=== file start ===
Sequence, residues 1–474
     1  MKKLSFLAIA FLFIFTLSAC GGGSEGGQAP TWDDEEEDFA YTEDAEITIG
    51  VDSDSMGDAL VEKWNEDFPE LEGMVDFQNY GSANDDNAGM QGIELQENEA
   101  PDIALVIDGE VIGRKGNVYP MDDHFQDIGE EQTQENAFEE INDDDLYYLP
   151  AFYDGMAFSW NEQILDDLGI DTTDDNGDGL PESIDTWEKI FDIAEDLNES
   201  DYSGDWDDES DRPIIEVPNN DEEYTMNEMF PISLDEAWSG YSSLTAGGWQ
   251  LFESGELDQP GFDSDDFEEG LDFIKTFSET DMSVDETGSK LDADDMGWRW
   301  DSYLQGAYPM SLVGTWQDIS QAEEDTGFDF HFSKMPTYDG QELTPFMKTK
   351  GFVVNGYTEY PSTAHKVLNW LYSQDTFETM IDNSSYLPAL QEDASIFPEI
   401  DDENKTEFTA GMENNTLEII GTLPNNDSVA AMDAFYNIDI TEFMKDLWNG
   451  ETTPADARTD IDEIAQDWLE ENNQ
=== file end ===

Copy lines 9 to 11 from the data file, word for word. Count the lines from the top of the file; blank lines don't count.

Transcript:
   351  GFVVNGYTEY PSTAHKVLNW LYSQDTFETM IDNSSYLPAL QEDASIFPEI
   401  DDENKTEFTA GMENNTLEII GTLPNNDSVA AMDAFYNIDI TEFMKDLWNG
   451  ETTPADARTD IDEIAQDWLE ENNQ